Crisis in the Juvenile Prisons
Just three months after a federal investigation by the Department of Justice (DOJ) found that excessive force was routinely used at four New York youth detention facilities—resulting in children suffering from broken bones, knocked-out teeth, concussions, and other serious injuries—Governor Paterson’s Task Force on Transforming Juvenile Justice has released its own report shining more light on the state’s badly broken system. According to the Task Force—commissioned in 2008, and led by Jeremy Travis, president of the John Jay College of Criminal Justice—the problems uncovered by DOJ at the four prisons persist across the state’s 28 juvenile facilities.
CA Executive Director Robert Gangi, a member of the 32 person panel that published the Task Force’s report, is all too familiar with the myriad inequalities plaguing the state’s juvenile justice system. The reports decried pervasive racial disparities: while children of color make up less than half of New York State’s total youth population, black and Latino children account for over 95% of youth in city detention and over 86% of youth in state facilities. “An effective way for the state to address the system’s deeply entrenched issues of overincarceration and racial disparity is to shut down underutilized facilities for youth,” says Gangi.
The Task Force also included in its ranks several long-time members of the CA-led Juvenile Justice Coalition (JJC). The report’s recommendations echo many proposals the JJC has advocated for, including diverting youth from jail and replacing many upstate facilities with smaller, closer-to-home placements and community-based alternatives to incarceration.
“Diverting youth to proven alternative programs that reduce recidivism and improve children’s life outcomes not only makes perfect sense from a child development perspective, it makes sound fiscal sense for our state,” says DeAvery Irons, Acting Director of the CA’s Juvenile Justice Project. New York—currently facing a budget deficit of $10 billion over the next two years—spends $210,000 to incarcerate a child for one year; in comparison, alternative programs cost between $5,000 and $15,000 per year.
The Task Force’s report urges the state to adopt measures to ensure the safety and wellbeing of children in its custody. The document calls for a system of oversight to prevent and deal with frequent reports of excessive use of physical force, and the expansion of psychological and drug abuse counseling. According to the Task Force, only 55 psychologists and clinical social workers are assigned to work at the New York State prisons that house youth.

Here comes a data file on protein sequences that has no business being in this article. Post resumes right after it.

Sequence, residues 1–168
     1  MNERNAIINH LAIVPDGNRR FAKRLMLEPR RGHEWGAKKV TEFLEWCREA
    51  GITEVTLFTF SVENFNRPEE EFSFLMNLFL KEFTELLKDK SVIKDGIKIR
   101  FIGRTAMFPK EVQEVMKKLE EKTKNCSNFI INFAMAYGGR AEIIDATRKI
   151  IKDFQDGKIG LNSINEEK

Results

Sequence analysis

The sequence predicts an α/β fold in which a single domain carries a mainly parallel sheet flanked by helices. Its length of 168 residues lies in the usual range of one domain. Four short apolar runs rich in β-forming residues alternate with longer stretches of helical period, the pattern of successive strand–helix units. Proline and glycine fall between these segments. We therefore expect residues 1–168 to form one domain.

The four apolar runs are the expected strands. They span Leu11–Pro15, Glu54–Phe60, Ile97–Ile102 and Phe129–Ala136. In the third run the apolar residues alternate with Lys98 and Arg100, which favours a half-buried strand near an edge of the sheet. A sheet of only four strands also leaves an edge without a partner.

The Juvenile Justice Project will continue to promote its aggressive reform agenda. In the months ahead, the Project will organize an Advocacy Day in Albany, complete a substantive policy report, and reach out to editorial boards, media outlets, state officials, and the general public to gain support for an array of critical juvenile justice reform measures.
The findings of DOJ and the Task Force have already encouraged some state leaders to take immediate action to address blatant disparities in the system. Governor Paterson’s 2010-2011 budget, released in late January, calls for the consolidation and downsizing of four juvenile facilities—including the notorious Tryon Juvenile Center, where, according to the DOJ report, staff mistreatment of youth is especially commonplace—and also allocates $18.2 million to increase staff-to-youth ratios in the facilities and improve medical and mental health services.
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Reports & Research
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“The isolation itself is torture. Mentally and emotionally, it breaks you down. Spiritually it strips you. The way it is built is to break you down as a person and push your family away.” From “Solitary at Southport” Solitary confinement is torture. New York State subjects people to solitary confinement and other forms of isolation [...]Read More
Prison Monitoring Reports
Attica Correctional Facility, a 2,000-bed maximum security prison in western New York, continues to operate as a symbolic and real epicenter of state violence and abuse of incarcerated persons in the Department of Corrections and Community Supervision (DOCCS) state prison system 43 years after the 1971 prison uprising and violent suppression by state authorities. The [...]Read More